“You miss the opportunity to deliver on the fundamental consumer expectation,” de Jocas said. Even beyond the inventory management piece, the training of store associates is “absolutely critical from the customer service perspective,” she added. L2’s researchers noted that a huge number of store associates are not aware of what their companies’ mobile apps do and how to use them while shopping in-store. “That’s huge disconnect for the consumer,” she said.
The good news is that the human-resources piece is cheaper and easier to implement than new technology, de Jocas said. For example, she noted Coach trains all store staff to capture customers’ email addresses, along with the SKU number of the items they purchase, so they can be emailed later, asking them to review the product online.
The report concludes that a decade of investment in features such as ship-to-store options, cross-channel inventory management, and mobile shopping solutions are paying off for the leaders in the segment that committed early and widely to building omnichannel capabilities. The study notes that during the first quarter of 2014, big-box retailers, including Home Depot, Costco, Macy’s, and Walmart, all grew their online sales at a faster clip than Amazon, the 10-ton gorilla of e-tail.
Consumers are increasingly agnostic about shopping, but this is now working on the omnichannel retailers’ behalf. According to the survey, showrooming is increasingly getting competition from “webrooming,” in which consumers who check out products online then buy after testing in-store. The report noted that more shoppers (78 percent) reported “webrooming” in a recent Accenture survey than those who reported showrooming behavior (72 percent). A store network, which was considered a liability in the early stages of omnichannel retail’s development, is now turning into an asset, the report said.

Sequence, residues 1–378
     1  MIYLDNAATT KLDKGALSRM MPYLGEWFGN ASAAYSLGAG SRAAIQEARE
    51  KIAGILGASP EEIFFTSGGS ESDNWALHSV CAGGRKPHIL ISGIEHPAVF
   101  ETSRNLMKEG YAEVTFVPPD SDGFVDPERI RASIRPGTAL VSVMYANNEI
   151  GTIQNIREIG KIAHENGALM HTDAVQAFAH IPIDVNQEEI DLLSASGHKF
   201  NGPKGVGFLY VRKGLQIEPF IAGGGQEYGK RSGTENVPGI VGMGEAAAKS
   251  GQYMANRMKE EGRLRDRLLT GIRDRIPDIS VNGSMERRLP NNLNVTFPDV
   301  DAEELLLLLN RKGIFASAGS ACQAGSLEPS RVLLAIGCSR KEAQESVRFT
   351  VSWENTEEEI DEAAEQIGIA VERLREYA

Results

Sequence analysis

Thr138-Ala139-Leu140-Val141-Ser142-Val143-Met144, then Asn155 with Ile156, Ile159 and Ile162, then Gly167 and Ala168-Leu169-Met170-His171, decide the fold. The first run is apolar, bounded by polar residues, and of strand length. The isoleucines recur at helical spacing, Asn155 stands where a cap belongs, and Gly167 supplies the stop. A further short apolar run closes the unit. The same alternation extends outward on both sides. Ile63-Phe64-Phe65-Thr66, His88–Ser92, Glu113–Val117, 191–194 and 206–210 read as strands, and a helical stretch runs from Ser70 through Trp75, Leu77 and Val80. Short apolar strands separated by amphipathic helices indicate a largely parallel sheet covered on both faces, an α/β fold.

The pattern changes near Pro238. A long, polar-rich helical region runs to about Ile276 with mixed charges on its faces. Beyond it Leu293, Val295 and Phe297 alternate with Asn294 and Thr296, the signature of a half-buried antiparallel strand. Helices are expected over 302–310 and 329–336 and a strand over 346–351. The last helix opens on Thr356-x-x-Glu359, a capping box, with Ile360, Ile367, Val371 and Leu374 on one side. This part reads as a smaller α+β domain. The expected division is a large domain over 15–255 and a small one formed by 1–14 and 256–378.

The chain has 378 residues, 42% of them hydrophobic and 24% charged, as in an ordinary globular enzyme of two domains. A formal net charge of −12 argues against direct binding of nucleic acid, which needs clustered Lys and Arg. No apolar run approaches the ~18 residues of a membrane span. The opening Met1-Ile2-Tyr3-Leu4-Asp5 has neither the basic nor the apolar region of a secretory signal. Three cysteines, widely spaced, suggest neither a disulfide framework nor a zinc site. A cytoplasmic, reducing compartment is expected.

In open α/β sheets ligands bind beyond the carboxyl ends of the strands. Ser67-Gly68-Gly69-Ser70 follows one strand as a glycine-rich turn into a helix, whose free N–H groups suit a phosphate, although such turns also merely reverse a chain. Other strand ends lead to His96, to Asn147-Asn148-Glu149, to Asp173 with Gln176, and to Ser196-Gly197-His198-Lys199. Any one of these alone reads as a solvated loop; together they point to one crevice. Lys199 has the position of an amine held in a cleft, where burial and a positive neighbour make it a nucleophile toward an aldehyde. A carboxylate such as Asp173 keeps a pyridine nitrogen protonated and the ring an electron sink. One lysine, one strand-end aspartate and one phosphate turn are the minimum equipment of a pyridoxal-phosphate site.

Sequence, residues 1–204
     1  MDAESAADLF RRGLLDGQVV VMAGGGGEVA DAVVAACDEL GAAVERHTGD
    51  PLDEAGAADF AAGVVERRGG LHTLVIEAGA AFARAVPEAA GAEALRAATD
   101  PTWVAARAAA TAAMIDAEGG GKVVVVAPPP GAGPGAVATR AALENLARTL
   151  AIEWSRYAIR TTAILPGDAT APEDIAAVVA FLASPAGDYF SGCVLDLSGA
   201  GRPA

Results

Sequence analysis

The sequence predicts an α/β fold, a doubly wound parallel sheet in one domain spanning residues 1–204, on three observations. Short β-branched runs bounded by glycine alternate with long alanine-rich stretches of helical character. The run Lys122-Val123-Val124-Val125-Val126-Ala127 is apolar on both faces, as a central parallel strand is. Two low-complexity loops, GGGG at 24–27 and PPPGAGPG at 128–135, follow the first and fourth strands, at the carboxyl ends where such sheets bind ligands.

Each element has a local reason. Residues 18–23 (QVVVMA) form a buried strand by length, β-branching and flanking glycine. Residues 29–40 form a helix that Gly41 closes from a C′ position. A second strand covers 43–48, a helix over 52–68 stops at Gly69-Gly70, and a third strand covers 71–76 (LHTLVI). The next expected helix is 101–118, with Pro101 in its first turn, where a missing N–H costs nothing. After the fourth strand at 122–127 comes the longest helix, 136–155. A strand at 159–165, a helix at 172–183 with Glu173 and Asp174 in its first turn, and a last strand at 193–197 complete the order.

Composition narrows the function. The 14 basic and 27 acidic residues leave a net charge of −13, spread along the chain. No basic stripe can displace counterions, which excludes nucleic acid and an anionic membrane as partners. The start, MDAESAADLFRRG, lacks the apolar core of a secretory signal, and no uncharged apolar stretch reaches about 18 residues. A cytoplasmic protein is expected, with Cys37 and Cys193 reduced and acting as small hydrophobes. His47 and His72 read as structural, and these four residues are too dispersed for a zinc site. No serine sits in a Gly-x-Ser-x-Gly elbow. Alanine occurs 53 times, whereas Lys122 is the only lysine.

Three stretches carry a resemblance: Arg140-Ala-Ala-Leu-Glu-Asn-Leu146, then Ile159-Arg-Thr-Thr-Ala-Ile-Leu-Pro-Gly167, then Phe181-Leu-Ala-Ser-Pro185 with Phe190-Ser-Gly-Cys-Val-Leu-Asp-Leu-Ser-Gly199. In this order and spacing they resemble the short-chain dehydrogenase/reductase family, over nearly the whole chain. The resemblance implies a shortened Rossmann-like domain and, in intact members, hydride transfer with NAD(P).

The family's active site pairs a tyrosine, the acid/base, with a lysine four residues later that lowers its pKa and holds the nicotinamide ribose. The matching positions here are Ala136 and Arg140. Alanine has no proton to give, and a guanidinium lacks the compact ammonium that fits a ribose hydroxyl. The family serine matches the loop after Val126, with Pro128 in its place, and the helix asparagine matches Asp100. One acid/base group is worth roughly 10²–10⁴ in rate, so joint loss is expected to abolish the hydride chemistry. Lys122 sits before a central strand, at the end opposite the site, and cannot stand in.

Technology challenges loom large for those retailers lagging in omnichannel; the L2 study notes that while the two top barriers mentioned by retailers were the limitations of their companies’ business models (50 percent) and lack of associate training (40 percent), most of the other top five were technology-related: difficulty integrating back-end technology across channels (40 percent), difficulty sharing customer data across channels (39 percent), and lacking digital commerce technology (35 percent).
Many retailers get bogged down trying to tackle technology, without realizing that those upgrades also need to be supported with staff training and realigning functions to enable real omnichannel operations, de Jocas said. Some companies have simply added a head of omnichannel operations, without realigning operations, which is not an effective solution, she added.
Some of those small, incremental improvements, such as realigning functions or training employees to use the store’s own apps more effectively, can yield results, even without major technological overhauls or investments, de Jocas said.
“We find that some brands are so far behind in the technology piece, they focus on that instead of the others,” she said. “There’s no excuse for ignoring the small tactical and organization components.”
The report recommends a three-pronged approach involving aligning technology, systems, and compensation incentives with well-trained in-store staff to execute a true omnichannel strategy.
“Omnichannel is not something that is three or five years down the line,” de Jocas said. “Omnichannel is now.”